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Faust, Monster and chionophobia.

TORONTO, ON: In spite of the intense cold in Toronto and the intermittent snowfalls that seem to start just as I am walking to theatre or dinner, I am enjoying some really great theatrical experiences during this visit.

Incidentally I have decided that I have chionophobia -I hate snow. I found my self paraphrasing Elizabeth Barrett Browning -"How I do hate thee -let me count the ways/ I hate thee when my fingers feel like iced bananas inside my gloves/ when my brain freezes despite my furry hat/ and I worry that the oncoming car will skid through the red light at an icy traffic crossing." Phobic or just nuts?

But Faust and Monster were worth suffering through the cold. The Canadian Opera Company production of Gounod's Faust, directed by Nicholas Muni, opens at the new Opera House today, and last week I had the opportunity to attend a dress rehearsal. This was my first chance to see the interior of the new Four Seasons Centre for the Performing Arts that opened last September. It is quite beautiful inside. We had seats on the third level with great sight lines and a perfect view of the orchestra as well as the stage.

Last April I saw the Vancouver Opera production of Faust, also directed by Muni. It was technically spectacular and I was curious to see how it would be staged in a different venue. Perhaps it was where I was seated or perhaps just familiarity with the previous production but I found that some of the staging actually worked better on this stage. From the opening scene of Faust in his formula-covered white walled study to the dramatic plummeting of the ceiling onto Marguerite before she is savedwhile Faust and Mephistopheles descend into hell - it is quite visually stunning. And of course the music is beautiful with one memorable aria after another. An enjoyable evening even though it was only a dress rehearsal.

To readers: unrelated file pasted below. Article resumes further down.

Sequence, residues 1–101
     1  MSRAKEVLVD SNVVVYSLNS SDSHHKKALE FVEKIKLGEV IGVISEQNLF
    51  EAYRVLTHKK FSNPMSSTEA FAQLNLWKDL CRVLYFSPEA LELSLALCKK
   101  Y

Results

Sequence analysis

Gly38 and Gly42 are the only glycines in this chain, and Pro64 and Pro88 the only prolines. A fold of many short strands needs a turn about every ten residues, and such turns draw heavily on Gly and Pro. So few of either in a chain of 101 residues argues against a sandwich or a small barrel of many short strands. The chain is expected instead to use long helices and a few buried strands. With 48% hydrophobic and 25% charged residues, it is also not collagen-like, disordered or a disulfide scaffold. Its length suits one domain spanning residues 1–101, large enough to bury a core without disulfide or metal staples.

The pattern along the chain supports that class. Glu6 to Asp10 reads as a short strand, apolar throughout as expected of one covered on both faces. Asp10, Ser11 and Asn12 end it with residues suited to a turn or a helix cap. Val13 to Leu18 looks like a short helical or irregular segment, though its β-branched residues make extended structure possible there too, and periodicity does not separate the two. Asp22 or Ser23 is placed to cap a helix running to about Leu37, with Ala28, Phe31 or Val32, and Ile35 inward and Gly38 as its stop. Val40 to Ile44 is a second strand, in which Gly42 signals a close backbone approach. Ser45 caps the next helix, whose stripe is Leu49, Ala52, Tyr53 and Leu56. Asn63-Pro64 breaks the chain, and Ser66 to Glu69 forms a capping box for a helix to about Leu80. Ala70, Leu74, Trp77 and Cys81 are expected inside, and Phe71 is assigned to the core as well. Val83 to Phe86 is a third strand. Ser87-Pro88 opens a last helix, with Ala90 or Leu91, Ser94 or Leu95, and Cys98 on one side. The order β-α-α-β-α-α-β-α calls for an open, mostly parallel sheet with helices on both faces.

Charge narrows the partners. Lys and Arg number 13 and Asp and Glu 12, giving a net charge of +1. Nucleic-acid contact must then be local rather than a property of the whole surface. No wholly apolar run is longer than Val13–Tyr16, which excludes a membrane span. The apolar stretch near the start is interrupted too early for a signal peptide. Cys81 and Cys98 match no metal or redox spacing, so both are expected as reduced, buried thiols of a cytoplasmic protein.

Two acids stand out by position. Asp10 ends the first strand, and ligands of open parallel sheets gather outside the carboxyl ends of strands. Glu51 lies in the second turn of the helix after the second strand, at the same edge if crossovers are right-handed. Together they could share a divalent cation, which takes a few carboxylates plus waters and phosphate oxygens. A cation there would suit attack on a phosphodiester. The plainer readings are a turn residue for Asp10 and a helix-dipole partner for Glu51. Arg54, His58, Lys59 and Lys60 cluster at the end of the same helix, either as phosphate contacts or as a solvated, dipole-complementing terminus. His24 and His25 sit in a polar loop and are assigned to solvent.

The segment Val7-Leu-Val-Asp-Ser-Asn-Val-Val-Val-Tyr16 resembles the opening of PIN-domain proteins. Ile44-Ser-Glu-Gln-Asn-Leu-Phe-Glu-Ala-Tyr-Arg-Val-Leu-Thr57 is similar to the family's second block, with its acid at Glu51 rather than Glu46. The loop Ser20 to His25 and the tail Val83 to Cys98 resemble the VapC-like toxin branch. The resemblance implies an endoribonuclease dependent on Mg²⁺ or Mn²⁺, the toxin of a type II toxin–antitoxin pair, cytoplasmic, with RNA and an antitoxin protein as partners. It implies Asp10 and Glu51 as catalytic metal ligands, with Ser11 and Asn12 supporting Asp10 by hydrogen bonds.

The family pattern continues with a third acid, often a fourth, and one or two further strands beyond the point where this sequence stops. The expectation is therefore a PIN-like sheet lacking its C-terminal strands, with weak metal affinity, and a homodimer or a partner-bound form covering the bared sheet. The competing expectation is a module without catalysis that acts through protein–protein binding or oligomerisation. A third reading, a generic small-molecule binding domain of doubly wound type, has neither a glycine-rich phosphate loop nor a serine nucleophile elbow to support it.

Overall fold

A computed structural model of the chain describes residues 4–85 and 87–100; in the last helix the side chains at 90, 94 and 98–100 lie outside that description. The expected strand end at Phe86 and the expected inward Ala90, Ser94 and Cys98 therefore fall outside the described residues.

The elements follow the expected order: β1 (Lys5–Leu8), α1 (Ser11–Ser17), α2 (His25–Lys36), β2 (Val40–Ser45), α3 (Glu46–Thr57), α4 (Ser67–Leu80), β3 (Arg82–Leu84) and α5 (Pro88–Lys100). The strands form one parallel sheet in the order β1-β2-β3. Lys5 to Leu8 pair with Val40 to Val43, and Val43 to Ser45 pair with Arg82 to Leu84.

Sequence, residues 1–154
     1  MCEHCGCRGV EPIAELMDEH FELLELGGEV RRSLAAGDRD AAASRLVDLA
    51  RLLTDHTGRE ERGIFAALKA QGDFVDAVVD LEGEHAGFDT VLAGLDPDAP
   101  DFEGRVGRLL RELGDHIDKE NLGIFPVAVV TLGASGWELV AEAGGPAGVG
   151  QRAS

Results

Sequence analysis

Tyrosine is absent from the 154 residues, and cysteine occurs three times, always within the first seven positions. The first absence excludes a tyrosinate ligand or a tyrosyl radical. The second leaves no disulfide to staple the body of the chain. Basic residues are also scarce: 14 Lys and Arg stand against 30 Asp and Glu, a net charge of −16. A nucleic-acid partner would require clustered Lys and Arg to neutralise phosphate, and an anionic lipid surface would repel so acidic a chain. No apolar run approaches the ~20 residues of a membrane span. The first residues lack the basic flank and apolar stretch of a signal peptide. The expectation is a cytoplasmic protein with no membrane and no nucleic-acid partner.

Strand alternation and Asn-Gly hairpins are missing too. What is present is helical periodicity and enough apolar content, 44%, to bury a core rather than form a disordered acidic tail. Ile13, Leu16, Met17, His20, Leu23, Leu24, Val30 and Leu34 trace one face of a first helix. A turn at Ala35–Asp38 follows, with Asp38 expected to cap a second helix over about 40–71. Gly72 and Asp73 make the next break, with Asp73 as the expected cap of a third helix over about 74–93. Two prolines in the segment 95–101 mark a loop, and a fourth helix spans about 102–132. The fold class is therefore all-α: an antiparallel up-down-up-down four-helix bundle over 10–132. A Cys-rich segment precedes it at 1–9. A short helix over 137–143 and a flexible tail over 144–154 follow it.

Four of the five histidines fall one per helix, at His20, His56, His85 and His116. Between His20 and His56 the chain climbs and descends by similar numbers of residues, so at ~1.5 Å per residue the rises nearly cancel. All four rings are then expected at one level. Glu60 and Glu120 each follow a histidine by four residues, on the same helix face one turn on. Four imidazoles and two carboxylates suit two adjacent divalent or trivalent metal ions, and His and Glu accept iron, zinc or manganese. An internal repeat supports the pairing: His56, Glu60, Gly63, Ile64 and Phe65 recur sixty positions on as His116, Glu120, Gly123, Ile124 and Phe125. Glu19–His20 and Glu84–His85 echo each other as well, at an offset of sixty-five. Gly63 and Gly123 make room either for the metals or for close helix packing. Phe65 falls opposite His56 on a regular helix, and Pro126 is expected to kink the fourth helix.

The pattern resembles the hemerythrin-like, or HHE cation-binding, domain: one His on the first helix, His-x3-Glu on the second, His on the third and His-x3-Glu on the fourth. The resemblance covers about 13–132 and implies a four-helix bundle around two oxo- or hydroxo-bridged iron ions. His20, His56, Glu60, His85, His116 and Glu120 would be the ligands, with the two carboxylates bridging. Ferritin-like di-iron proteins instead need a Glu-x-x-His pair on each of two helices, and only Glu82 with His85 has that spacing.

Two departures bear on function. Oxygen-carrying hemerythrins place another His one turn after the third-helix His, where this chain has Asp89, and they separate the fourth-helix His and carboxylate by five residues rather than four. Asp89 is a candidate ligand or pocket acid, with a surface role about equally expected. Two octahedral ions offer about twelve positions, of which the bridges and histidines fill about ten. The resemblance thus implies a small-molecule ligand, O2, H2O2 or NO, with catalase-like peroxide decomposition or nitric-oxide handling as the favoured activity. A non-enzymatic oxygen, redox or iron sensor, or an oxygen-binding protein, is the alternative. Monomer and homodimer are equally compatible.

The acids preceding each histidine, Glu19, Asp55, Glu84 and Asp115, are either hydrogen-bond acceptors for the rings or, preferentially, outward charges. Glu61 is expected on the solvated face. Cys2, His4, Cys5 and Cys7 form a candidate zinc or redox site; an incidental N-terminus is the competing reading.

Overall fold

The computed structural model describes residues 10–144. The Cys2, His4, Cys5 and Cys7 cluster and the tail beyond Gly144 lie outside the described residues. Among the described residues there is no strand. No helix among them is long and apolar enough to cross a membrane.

Then from the exquisite to the outrageous. Daniel MacIvor has been Artistic Director of da da kamera for twenty years. In celebration of the final year of this company, Buddies in Bad Times Theatre is staging three of his solo plays during their 2006/2007 season. I saw Monster, the second play in this series. Although I have read and seen a number of his other plays, I have previously only seen one of his solo shows, Cul de Sac. He is a mesmerizing actor and with Daniel Brook's tight direction, the 70 or so minutes of non-stop performance just sped by. Wish I could see the next show but I will be back in Vancouver by then.

Capping these theatrical experiences, we walked round the corner to Omi, a small Japanese restaurant that makes the best sushi we have discovered so far in Toronto. Chef John Lee serves up a series of taste sensations in his omakase, the chef's selection of hot and cold dishes. Lulled by the eclectic music ranging from Sarah Brightman to the Beatles and pleasantly sated, I was not even bothered by the softly falling snow as we walked back to the apartment. Could sushi possibly be a cure for chionophobia? Hmmm... great possibilities.